We also measured the average time spent on a specific strategy or behaviour (adjustment perseverance), on the assumption that spending too much time on an ineffective strategy is maladaptive. It may, for example, be reflective of decision inertia or an inability to generate alternative avenues of action.
We now had an experimental paradigm to elicit adaptive responses and a behavioural measure of the adaptive response. However, what we didn’t know was whether adaptive responses aided in goal achievement.
The final piece of the puzzle
To complete the puzzle, we recruited a sample of ‘granters’ who were free to decide whether to grant or deny the agents’ requests. Specifically, the granters were told they were to take part in a study examining new employees at the university (e.g. to consult other students on what courses to take next semester).
Importantly, what the granters didn’t know was that their tasks were matched with the agents’ missions (i.e. the granters were requested to wear gloves when receiving objects and items to reduce the spread of viruses). This allowed us to influence granters to unknowingly stand between the agent and the agent’s mission objective.
With this experimental set-up, we ran our first study, in which mock undercover agents faced novel and unexpected situational demands while attempting to accomplish their mission objectives. The agents’ behavioural adaptability was measured as adjustments made in response to their changing situational demands, and the adaptability scale was used to complement this with a self-rated measure of adaptability.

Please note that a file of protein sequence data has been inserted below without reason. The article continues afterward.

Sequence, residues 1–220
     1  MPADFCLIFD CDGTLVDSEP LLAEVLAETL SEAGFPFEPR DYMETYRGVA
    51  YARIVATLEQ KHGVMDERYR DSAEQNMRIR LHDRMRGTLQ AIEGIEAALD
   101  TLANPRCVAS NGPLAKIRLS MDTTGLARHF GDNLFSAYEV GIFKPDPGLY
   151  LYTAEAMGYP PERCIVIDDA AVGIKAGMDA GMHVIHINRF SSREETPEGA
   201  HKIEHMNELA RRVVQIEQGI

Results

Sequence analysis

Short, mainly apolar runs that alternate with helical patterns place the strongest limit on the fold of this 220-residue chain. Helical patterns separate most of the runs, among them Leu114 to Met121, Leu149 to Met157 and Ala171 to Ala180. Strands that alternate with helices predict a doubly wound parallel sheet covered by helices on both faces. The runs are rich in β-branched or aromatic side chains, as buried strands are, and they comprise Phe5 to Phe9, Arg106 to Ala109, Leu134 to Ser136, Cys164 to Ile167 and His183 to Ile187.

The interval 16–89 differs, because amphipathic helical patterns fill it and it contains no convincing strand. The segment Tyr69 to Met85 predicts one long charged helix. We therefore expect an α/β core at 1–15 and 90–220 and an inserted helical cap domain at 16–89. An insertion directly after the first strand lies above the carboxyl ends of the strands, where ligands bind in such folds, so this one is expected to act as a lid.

However, one question remained: How might we estimate the practical value of the possible findings? To address this, we invited police officers experienced with covert policing to observe videos of the mock agents and assess their performance.
What did we learn?
The experimental set-up successfully elicited adaptive behaviour as the agents were goal-oriented, perceived the missions to demand adaptive responses (rather than resilient or coping responses), and reported a need to adjust their behaviour to achieve their objectives. Moreover, adaptability was measured from three different perspectives – agents, granters, and observers – and each perspective provided unique insights.
From the agents’ perspective, the findings suggest that self-rated adaptability might be important when facing novel and uncertain events, but that rating oneself as adaptable was associated with a less positive relationship with those the agent interacts with.
More specifically, from the granters’ perspective, agents who rated themselves as adaptive tended to be perceived as lacking in benevolence (a feature of trustworthiness), suggesting that they may have come across as self-serving. Moreover, agents who succeeded in attaining mission objectives were rated as more able (another feature of trustworthiness) and more competent at developing rapport.
Adaptability (rated on the adaptability scale) is strongly connected with agents’ trustworthiness and rapport